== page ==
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Students in on-campus housing express concerns amid COVID-19 outbreak on the Hill

Several students living in the De Neve Birch residence hall expressed concern about the COVID-19 outbreak in their building. However, some have faith in UCLA to prevent the outbreak from worsening. (Kanishka Mehra/Photo editor)

By Kari Lau

Oct. 28, 2020 4:24 p.m.

This post was updated Oct. 28 at 4:58 p.m.

A COVID-19 outbreak in an on-campus residential building caused a variety of concerns for some of its residents, including an increased risk of COVID-19 and potential further restrictions on their movement.

UCLA Housing emailed residents of the De Neve Birch residence hall about a change in their living circumstances Saturday afternoon: There was a COVID-19 cluster in their dormitory.

The Los Angeles County Department of Public Health classified the cluster of three cases in De Neve Birch as an outbreak Saturday evening. UCLA also notified the UCLA community through Bruins Safe Online about the outbreak. UCLA Housing put warnings at the entrance of De Neve Birch that residents may be exposed to COVID-19, which is in accordance with LACDPH guidance, said UCLA spokesperson Ricardo Vazquez in an emailed statement.

Several De Neve Birch residents said they did not immediately know the LACDPH identified the cluster as an outbreak.

Ronia Green, a first-year pre-cognitive science student, said she did not receive an email notifying her the cluster was an outbreak.

LACDPH guidelines define an outbreak in a university residence as when there are three or more COVID-19 cases in a common area within two weeks. LACDPH defines a cluster as three or more COVID-19 cases within 14 days.

Angela Takagi, a first-year pre-psychology student, said she also saw people sanitizing the halls of De Neve Birch the same day she received the email notifying residents about the COVID-19 cluster. They cleaned the elevators and doorknobs of the building, Takagi said. To her knowledge, the halls have not been sanitized since, she added.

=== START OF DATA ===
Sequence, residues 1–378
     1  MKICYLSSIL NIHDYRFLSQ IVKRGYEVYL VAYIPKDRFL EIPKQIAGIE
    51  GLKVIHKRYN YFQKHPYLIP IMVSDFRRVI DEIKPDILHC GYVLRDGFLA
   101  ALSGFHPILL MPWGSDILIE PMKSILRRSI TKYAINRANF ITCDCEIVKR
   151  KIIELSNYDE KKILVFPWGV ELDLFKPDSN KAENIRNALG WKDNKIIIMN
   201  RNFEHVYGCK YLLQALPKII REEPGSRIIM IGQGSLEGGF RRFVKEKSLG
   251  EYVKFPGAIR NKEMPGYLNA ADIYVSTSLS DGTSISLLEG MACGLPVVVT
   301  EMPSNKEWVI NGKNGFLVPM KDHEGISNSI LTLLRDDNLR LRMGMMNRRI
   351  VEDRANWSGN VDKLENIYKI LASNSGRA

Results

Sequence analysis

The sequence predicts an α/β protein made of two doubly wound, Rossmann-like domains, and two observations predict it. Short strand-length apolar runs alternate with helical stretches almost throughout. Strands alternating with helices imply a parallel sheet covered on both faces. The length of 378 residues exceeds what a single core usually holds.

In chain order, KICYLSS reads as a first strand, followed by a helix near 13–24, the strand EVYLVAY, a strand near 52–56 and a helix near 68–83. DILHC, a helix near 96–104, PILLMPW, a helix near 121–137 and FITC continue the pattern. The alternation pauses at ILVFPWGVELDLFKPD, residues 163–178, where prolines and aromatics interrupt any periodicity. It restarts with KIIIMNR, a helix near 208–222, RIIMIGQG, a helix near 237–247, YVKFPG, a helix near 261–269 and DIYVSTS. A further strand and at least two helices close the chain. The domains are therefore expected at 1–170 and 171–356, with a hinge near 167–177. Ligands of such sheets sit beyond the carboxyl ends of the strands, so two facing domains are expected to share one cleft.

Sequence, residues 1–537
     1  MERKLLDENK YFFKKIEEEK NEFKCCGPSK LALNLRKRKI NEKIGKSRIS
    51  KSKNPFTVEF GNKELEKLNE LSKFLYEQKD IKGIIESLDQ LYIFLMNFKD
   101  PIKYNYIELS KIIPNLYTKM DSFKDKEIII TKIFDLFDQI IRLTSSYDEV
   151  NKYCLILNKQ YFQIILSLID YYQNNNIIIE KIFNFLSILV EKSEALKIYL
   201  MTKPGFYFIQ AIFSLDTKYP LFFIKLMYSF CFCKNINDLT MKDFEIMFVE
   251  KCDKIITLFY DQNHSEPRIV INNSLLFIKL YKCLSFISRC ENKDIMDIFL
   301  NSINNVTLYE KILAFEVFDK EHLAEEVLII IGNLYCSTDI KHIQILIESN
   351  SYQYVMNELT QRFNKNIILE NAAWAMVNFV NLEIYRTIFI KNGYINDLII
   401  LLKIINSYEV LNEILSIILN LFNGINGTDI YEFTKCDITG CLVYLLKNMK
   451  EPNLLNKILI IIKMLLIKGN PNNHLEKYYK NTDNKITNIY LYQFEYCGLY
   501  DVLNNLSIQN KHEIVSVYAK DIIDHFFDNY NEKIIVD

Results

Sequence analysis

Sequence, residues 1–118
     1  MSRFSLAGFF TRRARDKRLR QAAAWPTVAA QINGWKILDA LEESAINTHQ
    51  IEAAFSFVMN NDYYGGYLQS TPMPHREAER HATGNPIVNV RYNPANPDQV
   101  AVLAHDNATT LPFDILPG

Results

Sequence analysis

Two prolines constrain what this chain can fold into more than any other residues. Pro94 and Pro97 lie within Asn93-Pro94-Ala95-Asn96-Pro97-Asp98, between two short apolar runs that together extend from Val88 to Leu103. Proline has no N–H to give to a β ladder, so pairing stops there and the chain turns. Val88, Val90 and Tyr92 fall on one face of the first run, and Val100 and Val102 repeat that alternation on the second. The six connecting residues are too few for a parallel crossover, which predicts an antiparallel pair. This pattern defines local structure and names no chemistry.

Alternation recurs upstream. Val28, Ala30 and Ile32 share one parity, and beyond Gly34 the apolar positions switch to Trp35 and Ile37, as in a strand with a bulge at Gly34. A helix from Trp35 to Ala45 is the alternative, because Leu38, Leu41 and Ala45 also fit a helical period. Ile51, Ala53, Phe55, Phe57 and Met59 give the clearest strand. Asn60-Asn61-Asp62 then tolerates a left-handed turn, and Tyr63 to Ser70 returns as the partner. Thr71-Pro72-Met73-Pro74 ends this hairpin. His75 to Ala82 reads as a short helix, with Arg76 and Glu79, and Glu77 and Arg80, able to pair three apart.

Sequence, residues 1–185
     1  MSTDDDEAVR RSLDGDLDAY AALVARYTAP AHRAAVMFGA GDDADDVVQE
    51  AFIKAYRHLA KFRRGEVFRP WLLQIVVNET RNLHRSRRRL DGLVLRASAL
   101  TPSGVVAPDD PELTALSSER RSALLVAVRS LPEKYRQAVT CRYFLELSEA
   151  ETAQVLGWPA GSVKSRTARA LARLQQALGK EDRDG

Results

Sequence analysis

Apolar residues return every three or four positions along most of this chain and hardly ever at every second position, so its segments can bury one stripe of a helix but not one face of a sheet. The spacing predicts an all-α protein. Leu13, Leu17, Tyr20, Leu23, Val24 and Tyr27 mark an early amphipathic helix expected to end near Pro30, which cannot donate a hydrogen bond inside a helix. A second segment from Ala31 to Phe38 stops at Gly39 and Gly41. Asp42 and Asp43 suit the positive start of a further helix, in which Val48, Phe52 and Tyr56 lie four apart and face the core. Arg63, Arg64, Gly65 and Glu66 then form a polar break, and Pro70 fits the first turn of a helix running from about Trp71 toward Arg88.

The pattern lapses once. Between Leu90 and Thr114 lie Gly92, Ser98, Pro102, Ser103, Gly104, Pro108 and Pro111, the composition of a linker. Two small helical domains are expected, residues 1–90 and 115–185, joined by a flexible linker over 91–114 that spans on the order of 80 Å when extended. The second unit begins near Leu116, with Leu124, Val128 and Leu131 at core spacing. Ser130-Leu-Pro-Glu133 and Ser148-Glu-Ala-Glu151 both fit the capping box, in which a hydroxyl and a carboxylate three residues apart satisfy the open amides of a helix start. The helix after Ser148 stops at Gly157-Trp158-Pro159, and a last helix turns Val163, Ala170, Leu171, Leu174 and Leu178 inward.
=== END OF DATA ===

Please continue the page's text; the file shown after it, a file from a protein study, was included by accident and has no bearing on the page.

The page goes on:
Kayla Davis, a first-year microbiology, immunology and molecular genetics student, said she was surprised when she read the email. She thought the COVID-19 measures UCLA implemented, like the daily surveys to check for COVID-19 symptoms, would prevent people from testing positive.

“It’s only been three weeks since we got here and already people have (COVID-19),” she said.

Students living on the Hill this fall moved into on-campus housing at the end of September. More than 300 people in the UCLA community tested positive for COVID-19 as of this story’s publication, according to UCLA’s COVID-19 tracker.

Other than the fact that there are three students who are a part of the cluster, Davis said she knows nothing else about the situation. Davis said she also doesn’t know who has COVID-19 or which floors in the building have COVID-19 cases.

“I might have accidentally … touched something that they (touched), like the doors,” she added. “I’m just concerned about somehow getting (COVID-19).”

Davis once contemplated if staying home would have been a better option than living on the Hill this fall.

“I was like, ‘Maybe I should have stayed home and just waited till everything was cleared up,’” she said. “But then again, I’m here now.”

[Related link: UCLA housing isolation proves to be lonely but students look forward to freedom]

Green said she trusts UCLA will prevent the situation in De Neve Birch from worsening because of the university’s reputable health department and current work to address COVID-19.

UCLA Housing mandated that students and staff on the Hill receive at least two COVID-19 tests a week; residents were previously expected to receive only one test a week.

Davis said she is for the twice weekly tests. Frequent testing quickens the rate of finding people who have COVID-19, she added.

Although Takagi said she understood the rationale for the increase in COVID-19 tests, she is concerned about further restrictions UCLA could implement on the Hill. Life in De Neve Birch already feels restricted, she said.

“In the future, if cases start going up, I’m concerned … that I’m not going to leave campus at all, or leave my room,” Takagi said. “That would definitely make me regret coming here.”

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Kari Lau | Assistant News editor
Lau is the 2020-2021 Assistant News Editor for the features and student life beat. She was previously a contributor for the campus politics beat. She is also a second-year student from Honolulu, Hawaii.
Lau is the 2020-2021 Assistant News Editor for the features and student life beat. She was previously a contributor for the campus politics beat. She is also a second-year student from Honolulu, Hawaii.
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